-- Mining: FDI up to 100 percent is allowed, with automatic approval for diamonds and precious stones, gold/silver, and other mineral mining and exploration. FDI up to 100 percent is also allowed for mining and mineral separation of titanium minerals and ores, but such activity requires prior government approval.

-- Non-Banking Financial Companies (NBFC): FDI is allowed up to 100 percent via the automatic route. In India, NBFCs include: merchant banking, underwriting, portfolio management, financial consulting, stock-brokerage, asset management, venture capital, credit rating agencies, housing finance, leasing and finance, credit card businesses, foreign exchange brokerages, money changers, factoring and custodial services, investment advisory services, and micro and rural credit. All investments are subject to the following minimum capitalization norms: USD 500,000 upfront for investments with up to 51 percent foreign ownership; USD 5 million upfront for investments with 51 percent to 74.9 percent ownership; USD 50 million total, with USD 7.5 million required up-front and the remaining balance within 24 months, for investments with more than 75 percent ownership. One hundred percent foreign-owned NBFCs, with a minimum capitalization of USD 50 million, are not restricted as to the number of subsidiaries established for specific NBFC activities and are not required to bring in additional capital. Joint-venture operating NBFCs with up to 75 percent foreign investment are allowed to set up subsidiaries for other NBFC activities and are also subject to the minimum capitalization norms.

-- Pensions: No FDI is allowed in the pension sector. The Pension Fund Development and Regulatory Authority Bill 2011, which cleared a Parliamentary standing committee in August 2011, would establish a regulator for pensions and empower it with the authority to set FDI caps, among other powers. The timing for passage remains unclear.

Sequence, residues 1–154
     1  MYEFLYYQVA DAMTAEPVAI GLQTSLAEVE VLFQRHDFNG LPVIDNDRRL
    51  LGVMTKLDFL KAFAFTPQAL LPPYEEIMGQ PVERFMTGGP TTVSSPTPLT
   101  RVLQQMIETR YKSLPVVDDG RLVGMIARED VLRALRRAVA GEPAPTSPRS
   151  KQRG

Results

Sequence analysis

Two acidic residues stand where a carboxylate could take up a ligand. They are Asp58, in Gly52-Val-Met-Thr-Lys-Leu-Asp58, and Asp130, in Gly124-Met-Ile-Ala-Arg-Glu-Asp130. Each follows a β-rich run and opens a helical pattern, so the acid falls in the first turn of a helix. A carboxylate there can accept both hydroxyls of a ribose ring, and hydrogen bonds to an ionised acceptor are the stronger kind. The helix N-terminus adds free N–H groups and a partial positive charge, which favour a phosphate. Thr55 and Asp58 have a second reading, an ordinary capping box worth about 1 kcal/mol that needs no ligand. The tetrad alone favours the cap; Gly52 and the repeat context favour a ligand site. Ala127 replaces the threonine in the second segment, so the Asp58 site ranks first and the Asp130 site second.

-- Petroleum: FDI limits, along with tax incentives, production sharing, and other terms and conditions apply, although investment is authorized via the automatic route with some sub-sector specific variance, such as:

- Discovered small fields: 100 percent

- Refining with domestic private company: 100 percent

- Refining by public sector company*: 49 percent

- Petroleum product/pipeline: 100 percent

- Petrol/diesel retail outlets: 100 percent

- LNG Pipeline: 100 percent

- Exploration: 100 percent

- Investment Financing: 100 percent

- Market study and formulation: 100 percent

(* Requires FIPB approval and disinvestment is prohibited.)

-- Pollution Control: FDI up to 100 percent is allowed with automatic approval for equipment manufacture and for consulting and management services.

-- Ports and harbors: FDI up to 100 percent with automatic approval is allowed in construction and manufacturing of ports and harbors. FDI up to 100 percent is allowed in the port sector to supplement domestic capital, technology, and skills, in order to accelerate economic growth. The Union Minister of Shipping clarified that security clearances from the Ministry of Defense are required for all bidders on port projects, and only the bids of cleared bidders will be considered.

-- Power: FDI up to 100 percent is permitted with automatic approval in projects related to electricity generation, transmission, distribution, power trading, and renewable energy. The exception is nuclear reactor power plants, where private sector ownership, both domestic and foreign, is currently prohibited.

-- Print Media: Foreign investment in newspapers and news periodicals is restricted to 26 percent under the government approval route. FDI is permitted up to 100 percent in printing science and technology magazines/journals, subject to prior government approval and guidelines issued by the Ministry of Information and Broadcasting.

-- Professional services: FDI is allowed up to 100 percent in most consulting and professional services, including accounting services, via the automatic route. Legal services, however, are not open to foreign investment.